First he devoted himself to the instruction of certain disciples who had been baptised only unto John’s baptism and knew nothing of the Holy Ghost (Acts 19:1-7). Then for three months he spoke of the things of the Kingdom of God to the Jews in the synagogue. In this he had only partial success, and soon he had to encounter bitter opposition. He gave up his appeal, therefore, to the Jews, and took the school of “Tyrannus,” in which he “disputed daily” for the space of two years. He did this with such result that he turned many from the practice of the magical arts which were in great favour in Ephesus, and “all they which dwelt in Asia heard the word of the Lord Jesus, both Jews and Greeks” (Acts 19:10; Acts 19:20). In other words, the report of the Gospel which Paul preached penetrated through the Province, being carried no doubt to the great cities by travellers who visited Ephesus, and by missionaries or messengers like Epaphras. And for the purpose of disseminating the knowledge of the new faith through the Asiatic Province, Ephesus was not less singularly fitted by its geographical position and commercial communications than was Antioch for Syria or Rome for the further West. The tumultuous opposition, however, which was roused by Demetrius against Paul as a destroyer of the silversmith’s craft and a subverter of the worship of Diana, brought his work in Ephesus to a close and compelled him to hasten his departure into Greece (Acts 19:21 to Acts 20:1). During his last voyage to Syria he did not visit Ephesus itself; but, touching at Miletus, he sent for the elders of the Ephesian Church and took his pathetic farewell of them there (Acts 20:17-38).

So far as the Book of Acts is concerned, that is the last glimpse we get of Paul in his connection with Ephesus. In the Pastoral Epistles, however, we have some further references to Ephesus and to Paul’s care for the Church there. In 1 Timothy (Ephesians 1:3), as we have seen, we find that Timothy had been placed in the city with a view to the preservation of sound doctrine, and that Paul desired him to remain there when he himself went into Macedonia; and in 2 Timothy mention is made both of the way in which Onesiphorus ministered to Paul in Ephesus (Ephesians 1:18), and of the fact that Tychicus was sent by Paul to Ephesus (Ephesians 4:12). The relations, therefore, between Paul and this Church were of the closest and most confidential kind. As to the composition of the Christian community, it appears to have included from the first both Jews and Greeks (Acts 19:1-10; Acts 20:21). The Gentile element, however, seems to have been the larger and to have grown more and more, so that the Epistle deals with the Church as practically a Gentile-Christian body.

In 1 Peter (Ephesians 1:1) those in Asia, including doubtless the members of the metropolitan Church, are named among the strangers scattered throughout various lands, towards whom the writer has a certain responsibility and to whom he addresses his Epistle. In the Apocalypse which bears the name of John, the Church of Ephesus appears among the seven Churches of Asia to which John’s message is directed; and that the Ephesian Church was recognised as the chief of the seven may be inferred perhaps from the fact that it has the first place in the list and in the address (Ephesians 1:11, Ephesians 2:1). It is also with John that tradition connects the Ephesian Church after Paul’s decease. Of its later history, it is enough to say that it long retained its importance among the Churches, and that, among other things, it was the seat of one of the great Œcumenical Councils (A.D. 431), and also of the notorious Robber-Synod (A.D. 440).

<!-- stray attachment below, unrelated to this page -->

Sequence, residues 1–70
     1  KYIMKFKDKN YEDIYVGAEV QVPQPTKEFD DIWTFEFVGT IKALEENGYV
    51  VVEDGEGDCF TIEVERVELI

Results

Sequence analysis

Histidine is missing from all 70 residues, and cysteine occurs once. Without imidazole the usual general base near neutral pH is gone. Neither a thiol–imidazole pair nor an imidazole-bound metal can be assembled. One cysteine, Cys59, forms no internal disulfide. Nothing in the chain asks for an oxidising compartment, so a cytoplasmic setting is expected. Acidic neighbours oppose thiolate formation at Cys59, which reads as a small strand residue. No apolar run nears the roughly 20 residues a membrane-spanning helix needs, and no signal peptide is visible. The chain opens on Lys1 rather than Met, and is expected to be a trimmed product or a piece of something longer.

3. THE EPISTLE—ITS GENERAL CHARACTER, CONTENTS AND PLAN. Among the Epistles bearing the name of St. Paul there is none greater than this, nor any with a character more entirely its own. There have been students, it is true, who with an almost incredible lack of insight have considered it an insipid production or a tedious and unskilful compilation. Among these must be named even so acute a scholar as De Wette. Such pronouncements, however, belong to the failures and eccentricities of criticism, and count for little. With few exceptions scholars of all different schools who have studied and interpreted this Epistle have been at one in regarding it as one of the sublimest and most profound of all the New Testament writings. In the judgment of many who are well entitled to deliver an opinion, it is the grandest of all the Pauline letters. There is a peculiar and sustained loftiness in its teaching which has deeply impressed the greatest minds and has earned for it the title of the “Epistle of the Ascension”. It tarries largely among “the heavenlies,” and lifts us into the eternities a parte ante and a parte post. It is characterised by a dignity and a serenity which are entirely in harmony with the elevation of its thoughts. It takes little to do either with the questions of ceremonialism or with the personal vindications which fill so large a space in others of the greater Epistles of St. Paul. The polemical element is conspicuous by its absence. There is scarcely even an echo of the great controversies which ring so loudly in the Epistles to the Romans and the Galatians. If they were still active in any measure or at all in the writer’s view when he addressed himself to these Asiatic Churches, they are not on the surface at least of this majestic Epistle. The nearest approach to any explicit allusion to such things is in what is said in a single verse (chap. Ephesians 2:11) regarding the Circumcision and the Uncircumcision.